California—the home of the next big Democratic primary–may be the Golden State, but many Democratic insiders seem worried their chances against Donald Trump are already tarnished. While the national horse race has indeed temporarily narrowed, it seems unlikely that Bernie Sanders is the cause, or that Democratic primary is causing Hillary Clinton lasting damage.

Polls show Democrats are more optimistic than one might expect during a supposed contentious primary. The latest CBS/New York Times poll shows a full 80 percent of Democrats nationally feel “hopeful” about the future of their party, compared to 55 percent of Republicans who say the same about their own party. And while Democrats are divided on whether the party is divided (48 percent “divided” versus 50 percent “united”), Republicans are nearly unanimous on their intra-party rancor (84 percent “divided”). In this case agreement is no prize.

Democratic presidential candidate Hillary Clinton. Spencer Platt | Getty Images

Democratic presidential candidate Hillary Clinton. Spencer Platt | Getty Images

Comparing the same poll’s results to an earlier 2008 CBS/NYT poll suggests there’s actually even less Democratic division today than in our last competitive primary. While slightly more than a quarter (28 percent) of Sanders voters say they won’t support Clinton if she’s the nominee, slightly more (35 percent) of 2008 Clinton voters said at the time they would not support Obama. That the party coalesced in 2008 doesn’t automatically mean it will again in 2016, but it certainly serves as a good reminder of how temporarily fractious primaries can be.

In fact other data further suggests the current divisions are not just temporary, they’re overblown. In the same recent poll, over eight in ten Democrats say Clinton will be able to unite the party, compared to just two-thirds saying the same about Sanders. And while much is made of the supposed lack of Democratic enthusiasm behind her, Clinton trails Sanders in “enthusiastic support” by single digits – hardly the stuff of party panic.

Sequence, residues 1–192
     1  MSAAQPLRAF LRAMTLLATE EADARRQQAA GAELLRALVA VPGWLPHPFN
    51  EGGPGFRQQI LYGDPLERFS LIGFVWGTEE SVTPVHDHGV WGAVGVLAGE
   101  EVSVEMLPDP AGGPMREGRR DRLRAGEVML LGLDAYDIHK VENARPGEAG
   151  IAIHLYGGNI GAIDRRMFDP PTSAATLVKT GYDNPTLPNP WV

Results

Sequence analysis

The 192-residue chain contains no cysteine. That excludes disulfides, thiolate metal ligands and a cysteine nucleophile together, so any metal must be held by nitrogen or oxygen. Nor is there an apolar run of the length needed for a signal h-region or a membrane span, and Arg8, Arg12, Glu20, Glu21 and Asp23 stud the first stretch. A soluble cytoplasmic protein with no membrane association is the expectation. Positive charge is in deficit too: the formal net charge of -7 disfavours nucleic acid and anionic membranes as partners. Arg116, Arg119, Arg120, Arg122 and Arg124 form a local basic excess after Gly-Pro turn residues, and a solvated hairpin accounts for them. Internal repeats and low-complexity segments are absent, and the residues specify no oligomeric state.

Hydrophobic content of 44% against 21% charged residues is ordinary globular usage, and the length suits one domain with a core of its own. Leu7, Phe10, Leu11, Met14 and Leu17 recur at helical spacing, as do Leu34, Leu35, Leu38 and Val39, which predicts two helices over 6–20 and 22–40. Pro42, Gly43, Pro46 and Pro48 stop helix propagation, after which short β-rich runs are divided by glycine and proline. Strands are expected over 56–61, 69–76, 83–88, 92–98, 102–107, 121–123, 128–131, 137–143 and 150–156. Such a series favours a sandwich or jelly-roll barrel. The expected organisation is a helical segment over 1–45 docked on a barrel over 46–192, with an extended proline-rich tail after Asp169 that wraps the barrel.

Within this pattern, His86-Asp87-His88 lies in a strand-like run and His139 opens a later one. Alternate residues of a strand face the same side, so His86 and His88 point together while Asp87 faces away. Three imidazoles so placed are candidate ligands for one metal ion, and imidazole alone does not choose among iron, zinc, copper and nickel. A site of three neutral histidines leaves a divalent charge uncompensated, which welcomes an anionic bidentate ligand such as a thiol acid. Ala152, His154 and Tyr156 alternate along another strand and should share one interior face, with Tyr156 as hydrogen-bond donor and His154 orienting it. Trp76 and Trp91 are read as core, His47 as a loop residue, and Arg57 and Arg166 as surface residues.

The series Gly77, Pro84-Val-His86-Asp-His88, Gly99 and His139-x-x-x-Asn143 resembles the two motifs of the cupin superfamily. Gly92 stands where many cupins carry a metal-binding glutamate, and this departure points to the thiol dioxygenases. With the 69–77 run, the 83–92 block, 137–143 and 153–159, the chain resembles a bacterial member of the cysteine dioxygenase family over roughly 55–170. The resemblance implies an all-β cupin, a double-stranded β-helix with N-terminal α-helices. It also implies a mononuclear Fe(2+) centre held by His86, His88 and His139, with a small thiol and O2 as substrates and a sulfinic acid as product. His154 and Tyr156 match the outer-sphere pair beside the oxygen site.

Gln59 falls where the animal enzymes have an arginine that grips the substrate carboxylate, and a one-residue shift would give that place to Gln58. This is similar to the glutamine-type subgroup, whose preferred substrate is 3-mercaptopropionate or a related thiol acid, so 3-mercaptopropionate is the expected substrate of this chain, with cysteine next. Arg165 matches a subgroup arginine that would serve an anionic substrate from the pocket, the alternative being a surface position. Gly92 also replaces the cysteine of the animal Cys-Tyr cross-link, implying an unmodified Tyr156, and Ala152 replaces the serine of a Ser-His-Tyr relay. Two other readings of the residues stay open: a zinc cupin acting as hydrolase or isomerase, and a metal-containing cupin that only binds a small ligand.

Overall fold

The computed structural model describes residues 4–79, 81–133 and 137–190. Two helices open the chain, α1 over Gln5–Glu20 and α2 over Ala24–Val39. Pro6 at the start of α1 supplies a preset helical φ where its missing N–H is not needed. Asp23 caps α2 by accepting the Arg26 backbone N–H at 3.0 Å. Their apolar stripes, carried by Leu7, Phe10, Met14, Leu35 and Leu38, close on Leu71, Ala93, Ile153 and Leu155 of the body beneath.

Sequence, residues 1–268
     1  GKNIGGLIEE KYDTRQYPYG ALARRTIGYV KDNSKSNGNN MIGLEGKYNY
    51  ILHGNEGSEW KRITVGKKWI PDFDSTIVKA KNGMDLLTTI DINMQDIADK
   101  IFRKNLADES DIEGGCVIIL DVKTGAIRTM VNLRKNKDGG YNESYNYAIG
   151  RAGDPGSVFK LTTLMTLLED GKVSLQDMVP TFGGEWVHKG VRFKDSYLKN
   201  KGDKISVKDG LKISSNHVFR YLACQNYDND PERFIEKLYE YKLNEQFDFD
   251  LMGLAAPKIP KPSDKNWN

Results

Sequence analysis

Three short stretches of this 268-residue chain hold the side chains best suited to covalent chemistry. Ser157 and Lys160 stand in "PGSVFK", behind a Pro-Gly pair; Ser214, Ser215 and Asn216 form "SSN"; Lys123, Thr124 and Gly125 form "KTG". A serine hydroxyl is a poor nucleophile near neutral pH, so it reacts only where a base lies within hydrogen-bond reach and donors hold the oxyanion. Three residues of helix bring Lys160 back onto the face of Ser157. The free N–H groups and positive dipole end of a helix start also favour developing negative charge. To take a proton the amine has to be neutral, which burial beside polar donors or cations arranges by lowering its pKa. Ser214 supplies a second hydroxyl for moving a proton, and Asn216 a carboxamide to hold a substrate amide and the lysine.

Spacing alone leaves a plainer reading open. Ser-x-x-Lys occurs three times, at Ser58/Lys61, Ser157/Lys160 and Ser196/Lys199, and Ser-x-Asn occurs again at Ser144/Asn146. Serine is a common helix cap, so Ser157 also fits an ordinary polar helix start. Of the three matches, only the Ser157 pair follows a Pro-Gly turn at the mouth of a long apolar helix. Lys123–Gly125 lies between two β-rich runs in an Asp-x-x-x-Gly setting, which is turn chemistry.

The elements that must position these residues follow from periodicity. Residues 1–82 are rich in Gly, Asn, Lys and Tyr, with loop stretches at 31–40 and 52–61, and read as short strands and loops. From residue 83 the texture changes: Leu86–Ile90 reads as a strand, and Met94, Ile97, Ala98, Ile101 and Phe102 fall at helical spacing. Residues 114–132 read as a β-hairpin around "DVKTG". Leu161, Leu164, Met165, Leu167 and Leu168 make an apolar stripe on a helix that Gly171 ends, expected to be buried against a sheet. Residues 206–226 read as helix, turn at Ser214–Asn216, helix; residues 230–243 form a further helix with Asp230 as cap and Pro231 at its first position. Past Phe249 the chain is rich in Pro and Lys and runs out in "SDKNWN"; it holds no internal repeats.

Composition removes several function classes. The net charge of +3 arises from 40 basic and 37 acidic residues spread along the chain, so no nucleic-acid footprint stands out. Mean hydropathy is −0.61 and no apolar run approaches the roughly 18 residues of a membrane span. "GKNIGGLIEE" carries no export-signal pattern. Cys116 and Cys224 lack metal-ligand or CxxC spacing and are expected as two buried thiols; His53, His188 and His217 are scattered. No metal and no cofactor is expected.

So it’s Trump—the candidate who cruised through his primary with record turnout—who is damaged today. According to Gallup, Trump’s favorable ratings are lower among Republicans than the ratings of past nominees, and half of his own party’s base wishes for a different nominee. The CBS/NYT poll shows fewer than two-thirds of Republicans predict unity behind their candidate. And, amazingly, a quarter of Republicans think a Trump presidency will “make the U.S. image in the world worse” (almost no Democrats offer this view about Clinton.)

By contrast, Democrats agree that the long primary is not only not damaging, it’s helpful. The latest national NBC News/Wall Street Journal poll found a plurality of Democrats say the contest has been good for the party. In their 2008 polling, more felt the primary was bad for the party. The CBS/NYT poll also found far more Democrats are finding this contest helpful than in 2008.

But even a civil, “helpful” primary takes up candidate time, campaign resources, and press oxygen—so, why do so many feel it’s been a good thing? Likely with more states in play more voters feel part of the process. So a more democratic Democratic process. And more attention on the primary means more attention to some of the issues progressives care about, like health care, college affordability, income inequality and the power of special interests.

Hand-wringing about party divisions, it seems, has the potential to create exactly what we fear. Instead we can simultaneously celebrate the diversity and enthusiasm of Democratic opinion and recognize the very clear advantages Clinton has (and—let’s be honest—has always had). No matter what happens in California, it’s the job of all Democrats to come together, and turn our attention to the monster banging on the door, hawking scam colleges, stiffing veterans, screaming at the press and insulting the electorate. Despite Trump being damaged and disliked by even his own ranks, the mere possibility he can become president is just too serious to do anything other than unite.


Margie Omero for CNBC, 6/3/16


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